Cost Allocation Management Matters: A PMFO Series
Chris Barnes: Hello. I'm Chris Barnes from the National Center on Program Management and Fiscal Operations, known as PMFO. On behalf of PMFO, I'd like to welcome you to this Management Matters presentation on cost allocation. My colleague Irina Katz and I will be your guides for this presentation. When PMFO staff make fiscal presentations at national and regional conferences, invariably, attendees ask questions about cost allocation. We've designed this session to answer those questions and to provide some basic information about what cost allocation is, why it is necessary, and how to develop and then manage a cost allocation plan.
For this Management Matters presentation, our goal is to: discuss reasons for cost allocation; deepen your knowledge of cost allocation; define key cost terms; and describe a step by step process for developing a cost allocation plan. Irina, why don't you get us started by telling us what cost allocation is?
Irina Katz: Thanks, Chris. Cost allocation is the process of assigning two or more programs the shared cost of an item or service. Organizations use cost allocation to ensure that costs are shared equitably across different funding sources and programs. It is important to note that cost allocation isn't necessary for programs with only one funding source because their costs aren't shared.
Cost allocation is necessary to assure that the federal government only bears its fair share of costs and isn't covering costs that aren't attributable to its programs. Head Start programs, along with other federally funded programs, are guided by federal regulations that are intended to protect taxpayer dollars. These regulations outline key fiscal principles, including those related to costs charged to federal awards. The cost principles state that to be allowable to a federal grant, costs must be: reasonable; allocable; be given consistent treatment across all funding sources; and conform to any limitations and exclusions outlined in the award.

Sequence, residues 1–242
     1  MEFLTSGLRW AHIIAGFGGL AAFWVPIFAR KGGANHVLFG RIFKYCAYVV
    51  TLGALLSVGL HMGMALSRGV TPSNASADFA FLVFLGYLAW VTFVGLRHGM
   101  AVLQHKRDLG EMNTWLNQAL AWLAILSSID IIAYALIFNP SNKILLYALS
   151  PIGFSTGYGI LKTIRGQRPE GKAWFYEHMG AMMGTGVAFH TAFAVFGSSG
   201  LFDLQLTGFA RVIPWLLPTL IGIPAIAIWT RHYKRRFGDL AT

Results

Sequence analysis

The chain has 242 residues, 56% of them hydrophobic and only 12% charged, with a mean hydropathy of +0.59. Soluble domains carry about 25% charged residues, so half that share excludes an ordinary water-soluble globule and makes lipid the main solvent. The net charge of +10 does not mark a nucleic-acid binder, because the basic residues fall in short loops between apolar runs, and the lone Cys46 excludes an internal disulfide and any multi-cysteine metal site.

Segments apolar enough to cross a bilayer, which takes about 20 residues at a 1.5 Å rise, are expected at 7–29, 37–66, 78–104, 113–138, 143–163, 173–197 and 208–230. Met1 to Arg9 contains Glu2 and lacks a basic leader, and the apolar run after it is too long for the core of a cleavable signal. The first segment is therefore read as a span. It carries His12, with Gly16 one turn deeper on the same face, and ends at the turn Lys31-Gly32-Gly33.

Let's look a little deeper at some of these terms. Reasonable costs are those necessary for the performance of the award and are costs that a prudent person would pay the same amount for an item under similar circumstances. Allocable costs are those that are appropriately assigned because they benefit the program.
As mentioned earlier, federal regulations outline key principles pertaining to allowable costs. They are included in the cost principles outlined in the Code of Federal Regulations, also known as CFRs. Different regulations have been adopted for different kinds of organizations. It is important to know and follow the regulations that pertain to your kind of organization. These regulations can be found on the Early Childhood Learning and Knowledge Center, which serves as the Office of Head Start's website.
If your organization is an educational institution, it would be covered in 2 CFR Parts 215 and 220. If your organization is housed within a state, local, or tribal government, it would be covered by 2 CFR Part 225. And for nonprofit organizations, they would be covered by cost principles outlined in 2 CFR Part 230.
Chris, now I think you're going to identify the specific types of costs, right?
Chris: Yes. Thanks, Irina. Costs can be divided into two categories, direct costs and indirect costs. Let's first discuss direct costs. Direct costs are those costs that clearly and directly benefit the implementation of a program or service. Direct costs may pertain to just one program or award, or than one program or award. An example of shared direct costs would be salaries for direct service staff that serve a blended classroom of both Head Start and child care kids.
One of the challenges of cost allocation is establishing a reasonable basis for allocating various types of costs. We'll be talking about how to do this later in this presentation. Now let's look at some examples of a direct cost, both those that are charged to only one award and also those that are shared because they benefit two or more awards.
Here are some examples of direct costs. Some can simply be charged to a Head Start grant, while others may be shared with another funding source so they need to be cost allocated. Remember, direct costs that only benefit the Head Start program don't need to be allocated. An example would include furnishings and supplies in a Head Start-only classroom. Costs for transporting children on a bus are another example of direct costs. If the bus only transports Head Start children to and from the Head Start program, costs don't need to be allocated. However, if the bus is transporting both Head Start and non-Head Start children, bus costs must be allocated fairly between Head Start and the programs supporting the non-Head Start children.